University was the first time in my life that I studied alongside friends from different races and backgrounds. Reading Mandela’s autobiography ‘A Long Walk to Freedom’ at that time really opened my eyes to the harsh brutality that was commonplace in my own country whilst I was oblivious, protected within the white enclave in which I grew up. As a trainee teacher it was so sad for me to realise the disparity between blacks and whites in terms of education. Whilst white South African schools were equipped with everything under the sun to teach and develop the future leaders of the country, the opposite was true for the other races. Even 20 years on the task of levelling the playing fields still presents many challenges. I went on to make many friends of all races at university despite the turmoil of student protests and riots plaguing the early years of the new government and which came right to the very door of my own campus.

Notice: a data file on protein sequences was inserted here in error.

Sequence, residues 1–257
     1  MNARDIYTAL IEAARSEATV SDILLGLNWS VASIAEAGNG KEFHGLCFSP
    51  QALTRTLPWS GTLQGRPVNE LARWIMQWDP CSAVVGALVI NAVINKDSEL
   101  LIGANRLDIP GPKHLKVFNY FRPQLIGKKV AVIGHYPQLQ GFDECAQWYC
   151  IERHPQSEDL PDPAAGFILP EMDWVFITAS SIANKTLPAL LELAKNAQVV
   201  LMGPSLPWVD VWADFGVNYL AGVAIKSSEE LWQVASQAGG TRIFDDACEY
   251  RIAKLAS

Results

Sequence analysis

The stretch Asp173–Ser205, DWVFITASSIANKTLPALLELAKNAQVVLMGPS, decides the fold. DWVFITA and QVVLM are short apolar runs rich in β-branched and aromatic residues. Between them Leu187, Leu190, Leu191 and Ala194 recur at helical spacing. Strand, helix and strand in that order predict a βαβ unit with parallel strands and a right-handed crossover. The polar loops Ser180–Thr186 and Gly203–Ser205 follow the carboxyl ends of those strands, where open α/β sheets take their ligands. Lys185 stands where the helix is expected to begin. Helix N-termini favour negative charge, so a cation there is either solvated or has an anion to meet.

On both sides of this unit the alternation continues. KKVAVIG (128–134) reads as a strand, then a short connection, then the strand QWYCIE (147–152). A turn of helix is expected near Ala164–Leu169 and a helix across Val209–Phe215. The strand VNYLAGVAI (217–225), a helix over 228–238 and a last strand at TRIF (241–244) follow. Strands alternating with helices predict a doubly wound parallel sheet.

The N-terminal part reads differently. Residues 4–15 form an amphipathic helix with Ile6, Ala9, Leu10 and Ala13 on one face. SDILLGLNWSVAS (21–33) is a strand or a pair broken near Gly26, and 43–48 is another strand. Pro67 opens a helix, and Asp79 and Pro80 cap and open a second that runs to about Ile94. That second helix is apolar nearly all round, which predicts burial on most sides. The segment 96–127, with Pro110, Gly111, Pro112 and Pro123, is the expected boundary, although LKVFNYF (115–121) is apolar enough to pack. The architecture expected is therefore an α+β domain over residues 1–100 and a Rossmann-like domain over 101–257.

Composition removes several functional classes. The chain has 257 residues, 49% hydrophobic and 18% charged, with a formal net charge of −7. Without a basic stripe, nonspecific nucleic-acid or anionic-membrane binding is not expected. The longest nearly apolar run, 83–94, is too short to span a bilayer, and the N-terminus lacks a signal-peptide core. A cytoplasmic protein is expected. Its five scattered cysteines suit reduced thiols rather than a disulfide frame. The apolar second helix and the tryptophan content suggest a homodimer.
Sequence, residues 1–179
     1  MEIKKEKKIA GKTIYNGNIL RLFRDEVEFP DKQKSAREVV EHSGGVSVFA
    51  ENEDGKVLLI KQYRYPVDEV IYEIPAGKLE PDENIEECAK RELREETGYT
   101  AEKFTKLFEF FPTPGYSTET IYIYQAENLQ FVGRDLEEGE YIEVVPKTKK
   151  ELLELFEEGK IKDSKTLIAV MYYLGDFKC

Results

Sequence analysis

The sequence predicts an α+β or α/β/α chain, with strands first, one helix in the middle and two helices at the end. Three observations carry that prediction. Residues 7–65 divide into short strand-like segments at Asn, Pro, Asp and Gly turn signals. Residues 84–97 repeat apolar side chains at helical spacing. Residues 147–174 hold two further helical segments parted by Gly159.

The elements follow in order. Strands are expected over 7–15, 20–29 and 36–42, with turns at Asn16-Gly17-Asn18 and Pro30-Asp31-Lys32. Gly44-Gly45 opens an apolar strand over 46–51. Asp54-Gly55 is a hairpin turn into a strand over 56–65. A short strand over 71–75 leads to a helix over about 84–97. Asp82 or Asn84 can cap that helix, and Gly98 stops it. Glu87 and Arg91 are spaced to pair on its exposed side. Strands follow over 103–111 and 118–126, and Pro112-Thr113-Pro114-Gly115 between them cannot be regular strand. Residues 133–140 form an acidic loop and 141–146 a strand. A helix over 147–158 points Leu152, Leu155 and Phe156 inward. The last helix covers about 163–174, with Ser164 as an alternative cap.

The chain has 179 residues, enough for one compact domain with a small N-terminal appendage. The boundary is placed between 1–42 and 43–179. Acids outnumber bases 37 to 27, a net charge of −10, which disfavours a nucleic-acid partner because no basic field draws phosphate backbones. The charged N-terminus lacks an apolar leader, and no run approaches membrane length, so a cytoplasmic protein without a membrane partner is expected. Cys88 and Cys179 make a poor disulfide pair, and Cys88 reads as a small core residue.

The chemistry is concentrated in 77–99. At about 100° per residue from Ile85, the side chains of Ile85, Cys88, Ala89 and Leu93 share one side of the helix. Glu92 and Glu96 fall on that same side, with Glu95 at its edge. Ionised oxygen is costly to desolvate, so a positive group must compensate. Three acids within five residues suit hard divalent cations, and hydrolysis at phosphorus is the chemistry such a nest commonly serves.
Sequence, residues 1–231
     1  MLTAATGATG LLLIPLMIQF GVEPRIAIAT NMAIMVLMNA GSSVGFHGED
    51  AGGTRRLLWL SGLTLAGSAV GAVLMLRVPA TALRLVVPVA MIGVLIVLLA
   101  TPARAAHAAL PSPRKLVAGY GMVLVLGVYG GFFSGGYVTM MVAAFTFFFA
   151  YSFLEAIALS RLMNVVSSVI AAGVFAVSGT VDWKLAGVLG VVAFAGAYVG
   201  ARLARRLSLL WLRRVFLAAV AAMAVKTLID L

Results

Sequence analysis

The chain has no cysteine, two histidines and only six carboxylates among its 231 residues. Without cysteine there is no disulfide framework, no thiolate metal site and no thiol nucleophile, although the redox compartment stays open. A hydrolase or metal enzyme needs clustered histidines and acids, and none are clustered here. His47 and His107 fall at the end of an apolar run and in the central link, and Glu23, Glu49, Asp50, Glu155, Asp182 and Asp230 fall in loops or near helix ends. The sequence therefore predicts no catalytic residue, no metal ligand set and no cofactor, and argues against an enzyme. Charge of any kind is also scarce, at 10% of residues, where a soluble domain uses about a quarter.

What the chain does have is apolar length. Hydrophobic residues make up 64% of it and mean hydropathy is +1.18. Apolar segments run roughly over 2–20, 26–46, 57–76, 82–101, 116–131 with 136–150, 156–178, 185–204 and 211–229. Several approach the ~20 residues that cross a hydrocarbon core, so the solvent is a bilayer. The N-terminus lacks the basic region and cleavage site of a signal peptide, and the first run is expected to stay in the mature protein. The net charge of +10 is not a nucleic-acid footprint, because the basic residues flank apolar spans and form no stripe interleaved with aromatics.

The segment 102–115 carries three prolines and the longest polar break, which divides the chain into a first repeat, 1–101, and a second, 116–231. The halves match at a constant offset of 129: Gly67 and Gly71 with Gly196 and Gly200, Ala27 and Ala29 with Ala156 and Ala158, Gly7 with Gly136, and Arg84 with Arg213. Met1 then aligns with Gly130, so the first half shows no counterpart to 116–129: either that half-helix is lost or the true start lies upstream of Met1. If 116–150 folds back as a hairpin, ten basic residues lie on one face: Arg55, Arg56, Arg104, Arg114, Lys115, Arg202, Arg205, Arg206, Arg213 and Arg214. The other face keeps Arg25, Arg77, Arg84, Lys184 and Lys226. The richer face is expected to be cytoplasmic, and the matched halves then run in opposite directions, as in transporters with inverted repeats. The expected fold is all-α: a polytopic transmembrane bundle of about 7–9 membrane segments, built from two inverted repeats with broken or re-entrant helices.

For most white South Africans the memory of 1995 Rugby World Cup is etched in their hearts, not only because the Springboks were victorious over the mighty All Blacks, but because of Nelson Mandela standing side by side with the Springbok captain to the resounding cheers of an almost exclusively white rugby audience. As recently depicted in the movie ‘Invictus’, starring Matt Damon and Morgan Freeman, Mandela had realised that despite the animosity he and others may feel about white South Africans, this was their country too and he needed their support to create his vision of the ‘Rainbow Nation’. It was inconceivable to see thousands of supporters throwing out the old apartheid flag and flying with pride the unifying flag of the new South Africa. To witness thousands of white, particularly Afrikaans South Africans, singing the new national anthem (which includes verses in African languages) was simply testament to the impact Mandela has had on people. After the jubilant celebrations of the victory I recall turning to my father and noticing he had been crying. He was obviously more acutely aware of the huge significance of that momentous occasion.